Via Rail apologizes after Muslim man told not to pray at Ottawa train station
Via Rail is apologizing after a Muslim man was told he couldn't pray at the Ottawa train station.
Ahmed, who asked that his last name not be used, said a security guard at the station told him he was not allowed to pray there and that he should pray outside.
The Toronto man said the interaction left him feeling shocked, embarrassed and disgusted.
Via Rail issued a statement apologizing to Ahmed and "the entire Muslim community" and said they are investigating the incident.
'We don't want you praying in here'
Ahmed told CTV News he was waiting to travel home to Toronto by bus on Monday when his bus was delayed by a few hours. Some Ottawa-Toronto buses run from the Via station.
Before leaving the station to explore downtown Ottawa, he decided to pray. He washed up in the bathroom and walked across the station to an empty hallway.
After praying there for a few minutes, he returned to his luggage and the co-worker he was travelling with.
He said a security guard then approached him to tell him he couldn't be praying in the station. Ahmed said he was stunned.
"I wasn't bothering anybody. I was on my own little corner. I wasn't even loud," he said. "It was just a lot to handle, so I ended up just sitting down," he added. "I was in a state of shock."
At that point, bystanders started filming on their phones, along with his co-worker. So he asked the man to repeat himself.
"I asked him, 'Sorry, I didn't hear you, could you say that again?'"
Videos of the incident taken from two separate angles shows a security guard speaking to Ahmed and telling him not to pray in the train station.
"Don't pray in here. We don't want you praying here. You're bothering our other customers, OK?" he says.
Ahmed tells him he went to the end of the hallway and not one person had anything to say.
"Pray outside next time, OK?" the security guard responds. He also tells Ahmed he would complain to his employer, then walks away.
The videos, which Ahmed posted to TikTok and Instagram, have gone viral.
Ahmed said the interaction left him feeling hurt and disrespected.
"He made me feel embarrassed. I was just disgusted. Like: this is Canada? This is the nation's capital? This is Ottawa?
"If I was doing something where I'm causing a scene, that's a different story. But if I'm minding my own business, it looks like I'm doing yoga, what is the real situation?"
He said other passengers in the station came up to him and said he should have been allowed to practice his religion as he pleases.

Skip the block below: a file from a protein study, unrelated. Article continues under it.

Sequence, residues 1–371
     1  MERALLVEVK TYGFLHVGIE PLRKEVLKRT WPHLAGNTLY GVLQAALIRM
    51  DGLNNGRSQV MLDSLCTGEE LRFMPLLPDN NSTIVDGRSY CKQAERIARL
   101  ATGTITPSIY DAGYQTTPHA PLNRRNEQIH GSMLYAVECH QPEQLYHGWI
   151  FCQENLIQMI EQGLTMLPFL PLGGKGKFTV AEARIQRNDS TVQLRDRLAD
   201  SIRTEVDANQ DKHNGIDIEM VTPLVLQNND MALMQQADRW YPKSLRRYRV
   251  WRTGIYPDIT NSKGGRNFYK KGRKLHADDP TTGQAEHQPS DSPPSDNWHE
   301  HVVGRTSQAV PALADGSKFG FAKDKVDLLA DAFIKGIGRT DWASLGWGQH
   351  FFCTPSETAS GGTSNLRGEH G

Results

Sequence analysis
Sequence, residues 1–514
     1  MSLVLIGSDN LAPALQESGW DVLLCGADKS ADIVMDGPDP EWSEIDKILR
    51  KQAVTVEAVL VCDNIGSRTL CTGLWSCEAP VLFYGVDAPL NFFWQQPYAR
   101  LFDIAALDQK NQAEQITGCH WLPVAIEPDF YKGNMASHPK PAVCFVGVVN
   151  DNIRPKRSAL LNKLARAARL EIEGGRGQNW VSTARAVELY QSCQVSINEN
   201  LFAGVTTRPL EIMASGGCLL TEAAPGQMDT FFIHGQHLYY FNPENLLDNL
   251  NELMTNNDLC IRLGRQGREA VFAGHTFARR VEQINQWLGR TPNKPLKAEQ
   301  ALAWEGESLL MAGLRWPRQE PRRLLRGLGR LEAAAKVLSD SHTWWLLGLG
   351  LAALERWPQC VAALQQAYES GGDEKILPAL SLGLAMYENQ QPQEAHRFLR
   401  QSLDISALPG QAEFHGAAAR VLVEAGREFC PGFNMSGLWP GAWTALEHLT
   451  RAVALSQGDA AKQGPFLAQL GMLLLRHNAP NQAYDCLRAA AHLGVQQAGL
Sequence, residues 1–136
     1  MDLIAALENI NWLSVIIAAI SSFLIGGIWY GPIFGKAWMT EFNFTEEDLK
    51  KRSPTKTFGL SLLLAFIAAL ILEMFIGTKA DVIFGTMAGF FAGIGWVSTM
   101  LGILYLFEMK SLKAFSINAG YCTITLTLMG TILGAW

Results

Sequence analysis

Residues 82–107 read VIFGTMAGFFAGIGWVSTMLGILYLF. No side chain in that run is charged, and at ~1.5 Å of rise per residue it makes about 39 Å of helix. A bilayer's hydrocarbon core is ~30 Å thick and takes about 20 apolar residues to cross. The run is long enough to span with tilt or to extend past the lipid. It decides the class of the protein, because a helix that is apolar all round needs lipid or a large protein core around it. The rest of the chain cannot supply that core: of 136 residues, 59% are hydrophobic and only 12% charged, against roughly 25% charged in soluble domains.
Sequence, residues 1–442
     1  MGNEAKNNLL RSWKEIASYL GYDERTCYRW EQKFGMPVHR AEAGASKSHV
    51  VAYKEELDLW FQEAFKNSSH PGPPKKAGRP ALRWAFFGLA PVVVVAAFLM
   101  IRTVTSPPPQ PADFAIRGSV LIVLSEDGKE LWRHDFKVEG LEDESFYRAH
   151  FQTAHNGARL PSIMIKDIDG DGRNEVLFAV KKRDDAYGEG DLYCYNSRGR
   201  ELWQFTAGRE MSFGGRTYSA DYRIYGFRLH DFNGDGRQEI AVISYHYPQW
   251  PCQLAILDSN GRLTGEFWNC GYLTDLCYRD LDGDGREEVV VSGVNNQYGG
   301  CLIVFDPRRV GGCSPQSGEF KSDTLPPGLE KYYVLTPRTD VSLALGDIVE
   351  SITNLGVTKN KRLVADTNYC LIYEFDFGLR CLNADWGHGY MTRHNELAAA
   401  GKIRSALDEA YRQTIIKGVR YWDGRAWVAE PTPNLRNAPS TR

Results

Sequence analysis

Via Rail investigating
In a statement, Via Rail said it was "dismayed" to learn of the incident.
"First and foremost, we want to apologize unreservedly to the individuals involved and to the entire Muslim community," the statement said.
"Freedom of religion, including the ability to worship, is a human right and is enshrined in the Canadian Charter of Rights and Freedoms. VIA Rail strongly condemns and will not tolerate any form of discriminatory behaviour.
"We take this situation very seriously and are currently investigating the incident and will take the appropriate actions pending the outcome of that investigation."
Transport Minister Omar Alghabra, the minister in charge of Via Rail, tweeted about the incident Tuesday night.
"Canadians should feel comfortable in practicing their faith without harassment," he said. "I'm relieved that VIA is taking this matter seriously."
Ahmed 'not impressed' by apology
Despite the apology issued, Ahmed said he felt that Via Rail was not genuinely sorry.
He said after the interaction with the security guard, two Via employees approached him when he was speaking with one of the bystanders who shot the interaction.
He said the employees defended the security guard by saying he had worked there for a long time and deals with a lot of homeless people.
"I said, 'You’re trying to say that I'm homeless?' Then they tried to change the topic," Ahmed said. "I said, 'Isn't this borderline racism?' They said 'Oh no, you shouldn't think like that.'"
At that point, he said he was already fed up and said he didn't want to continue the conversation, and respectfully left the station.
"Their lack of care was evident," he said.
He said he went downtown and came back to the station a few hours later, where he prayed again with no issues. He then got on his bus and went home, still in disbelief.
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"For certain people to say you can't participate and practicing your religion it was like… a spit in the face," he said. "The apology is cool, but what are you really going to do to make this right?
"I'm not impressed with your little six-sentence apology."
Many Muslims pray five times a day: before dawn, in the afternoon, late afternoon, after sunset and nighttime. Ramadan, the Muslim holy month, starts on Thursday.
Ahmed said he had heard stories of other people experiencing Islamophobia, but never thought it would happen to him.
"I never experienced it before this situation, but it's quite clear and it's quite evident Islamophobia is a real thing."
- with files from Rahim Ladhani, CTV News Ottawa
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